Dana Rubinstein at Capital New York reports that State Senator Marty Golden has again emerged as an obstacle to NYC speed cameras.
On Monday the Assembly passed a bill that would allow the city to deploy 120 additional cameras, bringing the total to 140. We reported yesterday that the allocation of speed camera revenue was a possible point of contention in the Senate, which has moved the bill to the rules committee — the last stop before the Senate floor, where it would come to a vote.
From a CapNY story published this morning:
A knowledgeable source told Capital that Brooklyn State Senator Marty Golden, a close ally of the police union, which fervently opposes speed cameras on the grounds that officers police streets better, is demanding the city agree to dedicate the revenue generated from the speed cameras to school safety initiatives, cops, and firemen, rather than to the city’s general fund.
Marty Golden is the leader of the NYC Senate delegation, and his support is critical to getting the bill passed. Golden objected to introducing speed cameras to NYC streets last year, but eventually voted in favor. Golden’s office did not respond when Streetsblog asked if he supports the current bill, and he didn’t comment for Capital New York.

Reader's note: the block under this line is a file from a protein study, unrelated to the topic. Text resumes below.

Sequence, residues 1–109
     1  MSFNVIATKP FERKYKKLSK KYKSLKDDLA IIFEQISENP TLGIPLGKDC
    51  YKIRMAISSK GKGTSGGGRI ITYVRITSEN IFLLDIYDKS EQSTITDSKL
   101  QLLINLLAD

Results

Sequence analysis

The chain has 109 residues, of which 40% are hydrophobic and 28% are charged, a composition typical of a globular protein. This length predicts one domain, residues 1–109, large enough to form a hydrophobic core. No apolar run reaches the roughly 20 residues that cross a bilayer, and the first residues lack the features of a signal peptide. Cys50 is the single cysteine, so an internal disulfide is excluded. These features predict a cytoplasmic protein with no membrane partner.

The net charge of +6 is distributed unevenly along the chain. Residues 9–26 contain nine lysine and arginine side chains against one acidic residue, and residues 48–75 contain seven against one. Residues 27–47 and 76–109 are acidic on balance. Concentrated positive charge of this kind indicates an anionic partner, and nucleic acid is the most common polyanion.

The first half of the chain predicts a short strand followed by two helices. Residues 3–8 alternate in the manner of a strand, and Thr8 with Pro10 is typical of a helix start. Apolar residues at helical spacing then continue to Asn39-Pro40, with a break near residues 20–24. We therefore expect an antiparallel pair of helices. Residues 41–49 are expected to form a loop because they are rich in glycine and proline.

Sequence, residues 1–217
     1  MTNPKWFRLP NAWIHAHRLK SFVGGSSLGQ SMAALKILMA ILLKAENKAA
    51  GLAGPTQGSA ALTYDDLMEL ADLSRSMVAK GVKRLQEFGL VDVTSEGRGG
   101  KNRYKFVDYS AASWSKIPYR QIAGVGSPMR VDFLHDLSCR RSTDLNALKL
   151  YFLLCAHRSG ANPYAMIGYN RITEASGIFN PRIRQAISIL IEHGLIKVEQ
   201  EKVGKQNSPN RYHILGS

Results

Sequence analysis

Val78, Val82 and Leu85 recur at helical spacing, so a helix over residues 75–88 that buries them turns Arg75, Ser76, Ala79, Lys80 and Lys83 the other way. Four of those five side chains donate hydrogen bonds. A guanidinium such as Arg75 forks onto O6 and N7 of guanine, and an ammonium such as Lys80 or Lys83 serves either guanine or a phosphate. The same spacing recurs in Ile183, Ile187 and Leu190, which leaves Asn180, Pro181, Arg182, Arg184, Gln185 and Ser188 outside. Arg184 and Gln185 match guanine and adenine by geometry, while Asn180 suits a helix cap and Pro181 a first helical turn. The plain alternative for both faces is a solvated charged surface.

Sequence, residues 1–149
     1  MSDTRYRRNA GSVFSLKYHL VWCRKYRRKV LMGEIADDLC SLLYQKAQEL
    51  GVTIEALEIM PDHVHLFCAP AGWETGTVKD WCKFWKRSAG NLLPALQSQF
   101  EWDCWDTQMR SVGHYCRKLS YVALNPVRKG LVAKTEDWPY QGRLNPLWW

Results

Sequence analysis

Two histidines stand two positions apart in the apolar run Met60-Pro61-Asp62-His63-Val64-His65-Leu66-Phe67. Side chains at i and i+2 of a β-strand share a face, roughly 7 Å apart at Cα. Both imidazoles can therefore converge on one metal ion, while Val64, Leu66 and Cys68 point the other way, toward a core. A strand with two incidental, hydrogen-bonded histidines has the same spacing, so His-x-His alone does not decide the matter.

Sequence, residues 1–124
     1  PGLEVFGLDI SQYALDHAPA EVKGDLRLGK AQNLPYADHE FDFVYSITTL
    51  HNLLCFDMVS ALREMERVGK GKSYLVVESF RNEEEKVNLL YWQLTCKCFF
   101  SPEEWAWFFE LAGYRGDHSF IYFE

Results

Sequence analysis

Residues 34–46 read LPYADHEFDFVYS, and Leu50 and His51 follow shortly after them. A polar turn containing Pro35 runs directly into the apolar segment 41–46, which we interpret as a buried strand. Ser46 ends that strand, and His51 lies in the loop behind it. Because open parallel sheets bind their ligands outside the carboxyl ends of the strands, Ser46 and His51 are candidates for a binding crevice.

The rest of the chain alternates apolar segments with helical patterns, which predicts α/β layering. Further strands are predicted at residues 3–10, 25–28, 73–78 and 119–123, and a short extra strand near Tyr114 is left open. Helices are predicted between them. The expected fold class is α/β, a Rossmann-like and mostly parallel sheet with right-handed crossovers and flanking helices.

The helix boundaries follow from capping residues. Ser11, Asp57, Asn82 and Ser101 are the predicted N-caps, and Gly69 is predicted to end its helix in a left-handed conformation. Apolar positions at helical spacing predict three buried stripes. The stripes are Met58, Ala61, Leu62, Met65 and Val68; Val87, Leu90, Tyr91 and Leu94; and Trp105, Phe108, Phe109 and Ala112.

It may sound like a good idea to dedicate this revenue to street safety initiatives, but city money is fungible. If speed cam revenue is set aside for specific items, other city funds can be shifted around to offset that. Plus, as NYC’s experience with red light cameras shows, these revenues decline over time as drivers adjust their behavior — you can’t budget based on them. Golden’s proposal is just another pointless reason to oppose a proven safety measure.
Golden’s reported tactic is exactly the reason NYC needs local control of its automated enforcement program. Street safety in New York City should not be held hostage to the vagaries of Albany politicking.
To wit: Any new cameras allowed by Albany would be subject to the same restrictions as the 20 cameras the city has now. Though most fatal crashes occur during evening and nighttime hours and on weekends, state lawmakers have limited their effectiveness by mandating that they can only be used near schools during the school day.
The City Council transportation committee will take up a resolution later today asking Albany for local control of traffic cameras.